“How I went from earning $0 to $10,000/month on YouTube in only...

“How I went from earning $0 to $10,000/month on YouTube in only 6 months.” – by Tim Schmoyer.


This article was first posted on Medium. 
pexels-photoIn 2011 my full-time job was doing audience development for a company’s web series on YouTube, but when that series ended in 2013, I knew I’d need a new source of income for my family. So I started a new channel called Video Creators to train other YouTubers how to grow their YouTube audience.

Within 6 months that channel was my full-time income. In fact, I was earning $10,000/month on it with only a few thousand subscribers when my “real job” ended. Today I have a small staff of people who work for me on my channel, too.

How did I do that? Well, it really comes down to the fact that I developed a business model around my channel from the very beginning.

On a very basic level, a business model answers these questions: What value do I intend to deliver? Who needs that value? How can I sell that value?

Here are the revenue streams I currently have in place for my Video Creators channel, as well as a few that I intend to setup this year and next. Maybe some of these ideas will be helpful for you as you look to make money from your own YouTube channel.

1. Adsense
As YouTube’s built-in system for sharing ad generated revenue with creators, this is the default way for earning money on YouTube. A channel can very roughly expect to earn around $2 per 1,000 views. While I personally don’t make a full-time income from Adsense alone, it’s not an insignificant amount of money for us with over a million views per month.

2. Product Sales
Selling something directly to your audience is a great way to make money from your efforts. The key to making this work on YouTube is that the value you sell has to be directly tied to the value that caused your audience to subscribe to your channel in the first place.

For example, at Video Creators the value I provide is training people how to master YouTube as a place to grow your audience and spread your message. So, I have an ebook called, “30 Days to a Better YouTube Channel,” that ties directly into that value by giving creators a proven system for how to get views and convert those viewers into subscribers on their channel.

3. Consulting
Sometimes people want to take the training from my ebook to the next level by working with me personally to develop their YouTube channel. In that case,booking a channel review with me is another way I earn an income from my YouTube audience. Again, that value ties in directly to the value my channel provides and just extends it in a new way.

4. Brand Deals
Since I have a targeted audience of YouTube creators, brands who want to reach that audience will pay me to talk about them in my videos. For example, perhaps you’ve seen me talk about FameBit lately. Those videos are sponsored by that company.

5. Speaking
If you’ve set yourself up to be an expert of some kind in a specific industry, your YouTube channel can often give you extra credibility and lead to speaking engagements. For me, those engagements are typically at conferences and trainings revolving around YouTube and new media and can often be a great source of income.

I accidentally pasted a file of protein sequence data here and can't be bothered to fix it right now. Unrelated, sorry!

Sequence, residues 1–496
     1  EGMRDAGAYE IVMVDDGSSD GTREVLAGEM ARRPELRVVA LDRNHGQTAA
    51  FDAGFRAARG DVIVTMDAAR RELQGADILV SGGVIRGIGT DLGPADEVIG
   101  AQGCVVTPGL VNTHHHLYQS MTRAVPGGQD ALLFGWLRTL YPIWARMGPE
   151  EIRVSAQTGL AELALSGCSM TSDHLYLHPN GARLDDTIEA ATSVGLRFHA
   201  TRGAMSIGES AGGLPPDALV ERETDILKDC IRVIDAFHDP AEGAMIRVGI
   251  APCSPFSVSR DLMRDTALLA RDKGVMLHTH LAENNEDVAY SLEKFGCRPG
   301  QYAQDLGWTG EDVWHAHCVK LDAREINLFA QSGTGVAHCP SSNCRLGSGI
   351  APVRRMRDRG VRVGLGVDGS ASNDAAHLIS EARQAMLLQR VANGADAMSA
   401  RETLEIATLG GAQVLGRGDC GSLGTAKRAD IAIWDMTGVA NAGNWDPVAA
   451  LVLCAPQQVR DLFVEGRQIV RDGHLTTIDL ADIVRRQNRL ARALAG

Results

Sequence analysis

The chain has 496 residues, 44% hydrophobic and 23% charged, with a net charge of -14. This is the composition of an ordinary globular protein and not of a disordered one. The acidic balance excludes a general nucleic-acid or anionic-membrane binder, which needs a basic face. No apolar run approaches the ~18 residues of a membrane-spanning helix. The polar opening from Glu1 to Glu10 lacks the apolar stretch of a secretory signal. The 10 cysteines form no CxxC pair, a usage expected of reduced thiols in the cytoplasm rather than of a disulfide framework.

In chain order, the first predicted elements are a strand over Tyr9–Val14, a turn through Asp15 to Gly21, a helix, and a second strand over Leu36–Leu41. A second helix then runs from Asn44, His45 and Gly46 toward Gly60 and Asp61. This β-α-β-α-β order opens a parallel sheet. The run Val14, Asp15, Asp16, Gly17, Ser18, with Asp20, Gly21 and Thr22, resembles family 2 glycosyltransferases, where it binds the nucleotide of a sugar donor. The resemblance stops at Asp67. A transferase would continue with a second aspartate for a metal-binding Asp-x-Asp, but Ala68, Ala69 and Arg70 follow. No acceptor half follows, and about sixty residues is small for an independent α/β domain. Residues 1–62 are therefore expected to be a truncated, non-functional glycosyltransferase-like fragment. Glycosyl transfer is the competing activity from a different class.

6. Licensing
This is an unexpected revenue stream for me. I didn’t go out looking for it. I just happen to have videos of my kids doing cute things on my family’s vlogging channel and brands and agencies find it when researching clips to use in their commercials and promotions. They then reach out to me personally to acquire licensing for the clip. So far these deals average around $5,000 per clip.

7. Affiliates
Often I’ll talk about a product or service that I find valuable and will recommend it in a video. When possible, I’ll use an affiliate link for viewers to find the product on Amazon or another site. If a viewer clicks my link and buys the product, I get a certain percentage of that sale. Almost any creator who talks about products that are available for purchase online can take advantage of this revenue stream.

8. Patreon
I started a Video Creators Patreon page a while back as a place for viewers to help support my channel financially in exchange for some bonus perks, like a live monthly hangout and news updates that don’t make it into my Tuesday YouTube news videos. In all honesty, I’ve learned that it doesn’t really allow me to offer the kind of value I want to offer to people who are paying a monthly fee, so I’ll be transitioning it to my next idea soon.

9. Membership Website
This is in the works right now. It will be a site that will offer a lot of ongoing, personalized YouTube training and community support about your channel for a monthly fee. More details coming on this later, but starting a paid membership site may be something that makes sense for your YouTube channel’s community, too, depending on the value you provide and the audience you’re targeting.

10. Live Events
I haven’t done one of these yet, and honestly, the idea of doing one freaks me out a bit, but I would absolutely love to have the opportunity to do personalized YouTube training face-to-face with a group of creators over the course of a weekend. I don’t know if I’ll launch this during 2015 or 2016 yet, but it’s a revenue stream I have stirring in the back of my mind.

Of course, there’s many other ways to make money on YouTube, too. These are 10 that make sense for me, but your creativity is the limit for what you can do to support your family and YouTube efforts in reaching people with your message and changing their lives.




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